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Contemporary swimming pools are being reinvented as architects and artists dive in to the market. We showcase the pools making a splash in the world of aquatic architecture.

A brief history of swimming pools: invented by the Romans circa 2500 B.C., they were popularized as lidos in the late nineteenth century, evolving into kidney-shaped private pleasures in the 1960s and infinity-edged basins that seemingly merge with the ocean in the 1990s. For the 2000s, the pool is being reinvented again as artists and architects are called upon to make a splash in the world of aquatic architecture.

Perhaps the most ambitious of contemporary swimming pools is Jean Nouvel’s “Les Bains des Docks” public swimming bath in Le Havre, France. Built in 2008, the 5000 square meter complex comprises 12 pools, including a 50 x 21 meter outdoor pool that is surrounded by a striking cubist structure. “It is a paradox building on a harbour scale, inspiring simplicity and robustness, but which betrays its complexity as soon as one penetrates its volumes,” says Nouvel. “One enters a universe of whiteness and depths.”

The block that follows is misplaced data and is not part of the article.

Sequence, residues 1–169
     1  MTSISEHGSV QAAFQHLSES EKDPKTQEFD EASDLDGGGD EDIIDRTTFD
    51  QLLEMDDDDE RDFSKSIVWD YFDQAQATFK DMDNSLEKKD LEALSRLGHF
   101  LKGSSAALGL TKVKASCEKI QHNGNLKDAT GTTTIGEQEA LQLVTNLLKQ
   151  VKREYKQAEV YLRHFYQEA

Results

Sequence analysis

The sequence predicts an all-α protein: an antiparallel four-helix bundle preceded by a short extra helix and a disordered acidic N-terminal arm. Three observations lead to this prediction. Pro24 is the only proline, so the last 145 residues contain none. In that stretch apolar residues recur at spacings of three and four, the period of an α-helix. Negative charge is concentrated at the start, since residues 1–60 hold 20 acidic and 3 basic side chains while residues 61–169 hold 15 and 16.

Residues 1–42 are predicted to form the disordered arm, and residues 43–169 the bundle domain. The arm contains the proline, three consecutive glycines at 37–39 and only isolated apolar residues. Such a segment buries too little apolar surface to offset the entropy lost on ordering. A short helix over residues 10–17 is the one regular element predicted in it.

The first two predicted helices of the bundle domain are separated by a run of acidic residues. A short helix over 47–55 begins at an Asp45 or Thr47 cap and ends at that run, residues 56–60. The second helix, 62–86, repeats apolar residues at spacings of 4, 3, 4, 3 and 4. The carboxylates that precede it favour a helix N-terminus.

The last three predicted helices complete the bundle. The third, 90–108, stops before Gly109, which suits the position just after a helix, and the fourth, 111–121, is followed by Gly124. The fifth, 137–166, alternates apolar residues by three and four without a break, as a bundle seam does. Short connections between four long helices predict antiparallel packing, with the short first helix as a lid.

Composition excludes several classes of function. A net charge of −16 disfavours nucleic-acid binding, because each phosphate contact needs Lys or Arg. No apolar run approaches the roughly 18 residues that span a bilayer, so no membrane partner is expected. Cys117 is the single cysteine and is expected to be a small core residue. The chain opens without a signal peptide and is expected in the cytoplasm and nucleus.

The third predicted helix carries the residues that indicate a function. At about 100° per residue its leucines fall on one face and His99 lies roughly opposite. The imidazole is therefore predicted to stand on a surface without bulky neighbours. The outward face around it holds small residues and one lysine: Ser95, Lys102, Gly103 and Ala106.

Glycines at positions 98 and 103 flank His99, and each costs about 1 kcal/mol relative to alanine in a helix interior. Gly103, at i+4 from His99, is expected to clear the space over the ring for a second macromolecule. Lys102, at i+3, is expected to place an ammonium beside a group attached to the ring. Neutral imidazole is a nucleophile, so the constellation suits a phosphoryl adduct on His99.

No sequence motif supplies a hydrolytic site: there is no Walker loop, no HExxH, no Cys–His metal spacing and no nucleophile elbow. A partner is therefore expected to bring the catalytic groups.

Pioneering the concept of the ‘art pool’, Swiss artist Sylvie Fleury – known for employing sculpture and mixed media – created her first swimming pool for the art dealer Thaddaeus Ropac. In the garden of his country house in Austria, Fleury conceived a pool that uses steel cut-outs to spell “Be Amazing” on its floor; the words from a Prada cosmetics pamphlet are etched along its edge. “It lists all the functions that the cosmetics are meant to perform,” Fleury told The New York Times. “Revive, shield, hydrate, exfoliate.”

(The combination of art and pools is not as surprising as it might seem; after all, swimming pools feature heavily in the rich-at-play images of society photographer Slim Aarons and are the focus of many a David Hockney painting.)

The talents of even super star artists and architects struggle to compete with that of Mother Nature. For the Rothschild family’s Corfu summer home, architect Javier Barba uncovered an ancient marble quarry to build a pool that followed the jutting contours of the rock face. The floor of the lagoon-like basin was painted the same shade of blue of the adjoining Ionian Sea. “I wanted to create a whole environment, a natural environment,” Barba told Architectural Digest magazine. “If visitors have the sensation that they’ve discovered a hidden spring rather than a manmade pool, then I know that I have been successful.”

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